The Spurs have not signed that big a free agent in, well, maybe ever. I remember when Brent Barry was signed and how big of a deal that was. Let's not forget Derek Anderson back in the day. He was supposed to put the Spurs over the top. That didn't work out very well. So I'm not holding my breath waiting for reinforcements to arrive via free agency.
Even if the Spurs do manage to sign someone, to do that they're going to have to get rid of some people. There have been several write ups here in PtR about that, here, here and here. I encourage you to check those out. The summed up version is that the Spurs would look a lot more like the Clippers than the Spurs if they were to land a max or close to max player. Is that what we really want?
If Duncan and Manu hang 'em up then I'd be a lot more in favor of really changing up this team, as they would need an infusion of talent. But what happens if they don't and the Spurs still try to maneuver themselves into cap room at the expense of depth? Will San Antonio be OK with 8-9 man regular season rotation that shrinks down to 6-7 in the playoffs? I think that's asking a lot of a team that is really trying the be healthy and fresh come the postseason.
My ideal scenario would involve bringing the core back (Duncan, Manu, Green and Kawhi) while dropping the back end of the bench guys that are going to be priced out of the Spurs' range. Only then get Aldridge, Gasol or whoever if they realize that playing with this current core could get them multiple shots at a title and are willing to take a pretty significant discount to get that done. I do not think that's likely at all. In fact, I would be stunned, shocked and perhaps even flabbergasted if something along those lines were to occur.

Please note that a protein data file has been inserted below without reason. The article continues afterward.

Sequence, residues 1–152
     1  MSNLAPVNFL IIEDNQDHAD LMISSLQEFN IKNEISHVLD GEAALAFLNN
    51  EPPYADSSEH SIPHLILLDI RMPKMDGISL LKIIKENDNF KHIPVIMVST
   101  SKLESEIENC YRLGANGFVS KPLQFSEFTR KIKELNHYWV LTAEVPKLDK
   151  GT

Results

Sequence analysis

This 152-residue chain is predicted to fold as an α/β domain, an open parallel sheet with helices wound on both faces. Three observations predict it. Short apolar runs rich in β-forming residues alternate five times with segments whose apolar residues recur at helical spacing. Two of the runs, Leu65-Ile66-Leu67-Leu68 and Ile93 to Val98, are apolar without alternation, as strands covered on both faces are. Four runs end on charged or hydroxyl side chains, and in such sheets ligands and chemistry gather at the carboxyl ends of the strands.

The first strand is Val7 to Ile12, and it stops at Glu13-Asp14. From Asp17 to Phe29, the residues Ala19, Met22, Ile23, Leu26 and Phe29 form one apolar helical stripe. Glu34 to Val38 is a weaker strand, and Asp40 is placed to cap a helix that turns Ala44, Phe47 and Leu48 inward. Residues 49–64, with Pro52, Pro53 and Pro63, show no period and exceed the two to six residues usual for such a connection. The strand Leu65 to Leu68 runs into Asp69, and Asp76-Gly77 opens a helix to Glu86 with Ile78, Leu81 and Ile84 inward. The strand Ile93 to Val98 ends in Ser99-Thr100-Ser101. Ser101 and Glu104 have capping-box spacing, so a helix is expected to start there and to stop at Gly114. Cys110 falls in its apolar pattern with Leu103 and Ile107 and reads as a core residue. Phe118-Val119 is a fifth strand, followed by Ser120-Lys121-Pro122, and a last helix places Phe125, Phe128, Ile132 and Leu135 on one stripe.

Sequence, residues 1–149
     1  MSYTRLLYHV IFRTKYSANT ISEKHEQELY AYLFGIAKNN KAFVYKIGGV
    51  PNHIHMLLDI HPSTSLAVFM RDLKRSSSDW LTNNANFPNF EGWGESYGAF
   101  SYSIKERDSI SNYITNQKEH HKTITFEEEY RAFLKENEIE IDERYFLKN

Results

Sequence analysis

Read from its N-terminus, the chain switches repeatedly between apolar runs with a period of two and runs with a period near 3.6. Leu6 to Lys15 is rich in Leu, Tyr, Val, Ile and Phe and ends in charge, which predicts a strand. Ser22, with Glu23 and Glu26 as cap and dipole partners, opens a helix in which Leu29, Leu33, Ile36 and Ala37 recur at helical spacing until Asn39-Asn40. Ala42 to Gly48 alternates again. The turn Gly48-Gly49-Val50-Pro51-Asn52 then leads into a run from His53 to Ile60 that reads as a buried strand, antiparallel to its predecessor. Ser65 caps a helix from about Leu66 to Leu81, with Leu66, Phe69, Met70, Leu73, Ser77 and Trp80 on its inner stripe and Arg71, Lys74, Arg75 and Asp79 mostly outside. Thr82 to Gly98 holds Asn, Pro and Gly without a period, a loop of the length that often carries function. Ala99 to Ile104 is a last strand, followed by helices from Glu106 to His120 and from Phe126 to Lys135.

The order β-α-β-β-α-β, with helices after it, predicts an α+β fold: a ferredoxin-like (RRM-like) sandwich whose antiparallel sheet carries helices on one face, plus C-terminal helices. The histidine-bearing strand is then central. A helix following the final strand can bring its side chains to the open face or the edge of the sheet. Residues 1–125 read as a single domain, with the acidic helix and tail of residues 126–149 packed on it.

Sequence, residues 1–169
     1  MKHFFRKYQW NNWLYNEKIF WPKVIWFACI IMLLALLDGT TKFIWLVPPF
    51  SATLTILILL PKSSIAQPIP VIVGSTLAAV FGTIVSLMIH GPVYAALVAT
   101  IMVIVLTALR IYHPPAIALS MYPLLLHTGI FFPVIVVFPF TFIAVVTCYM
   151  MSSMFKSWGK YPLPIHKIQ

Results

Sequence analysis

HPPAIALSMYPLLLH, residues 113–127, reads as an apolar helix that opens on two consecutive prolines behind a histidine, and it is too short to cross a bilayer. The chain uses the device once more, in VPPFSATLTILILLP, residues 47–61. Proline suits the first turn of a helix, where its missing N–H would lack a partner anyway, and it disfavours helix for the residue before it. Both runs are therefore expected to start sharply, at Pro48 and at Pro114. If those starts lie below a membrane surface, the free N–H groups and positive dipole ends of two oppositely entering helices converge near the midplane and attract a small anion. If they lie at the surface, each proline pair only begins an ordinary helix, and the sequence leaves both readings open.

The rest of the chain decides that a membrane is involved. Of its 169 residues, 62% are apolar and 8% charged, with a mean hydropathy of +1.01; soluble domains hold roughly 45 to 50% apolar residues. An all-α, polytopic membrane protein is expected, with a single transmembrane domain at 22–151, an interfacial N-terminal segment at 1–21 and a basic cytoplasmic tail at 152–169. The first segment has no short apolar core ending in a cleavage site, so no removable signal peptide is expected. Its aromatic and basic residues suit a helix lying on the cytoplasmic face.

That leaves my realistic scenario. The Spurs get Manu and Duncan back, with Manu taking a sizable pay cut. Then I see San Antonio maxing out Leonard and bringing back Green for a reasonable pay raise. Cory Joseph and Marco Belinelli are going to get too much money thrown their way by somebody. I'd love to have those guys back, but I don't see that happening. You pretty much have to bring Matt Bonner back, that's a given. Then the Spurs find a couple of undervalued guys that they can bring in to fill in meaningful roles for cheap, like they have in the past. At some point I'll take a look at some guys that might fit that undervalued label but, needless to say, they are out there.
The reason why that's by far more realistic than the other scenario is because it does not really fit the Spurs MO to bring in big names at the expense of multiple good players. It would completely screw up all the "corporate knowledge" that Pop And The Front Office (PATFO, for short) have built in the last 3-5 years.
I think that is something they really value and I have a hard time believing they'd blow all of that up just because they lost a series to a very good Clippers team. Keep in mind the Spurs had two starters playing injured, they lost on a crazy lucky shot in Game 7, they had several bad breaks in that game alone and that was probably the worst match up they would have had in all of the playoffs. As exciting as offseason speculation is, let's no go crazy thinking our franchise needs to reboot. The Spurs are still one of the best teams going.
There, I feel better now. Share your thoughts in the comments if you feel it might be as cathartic for you as it was for me.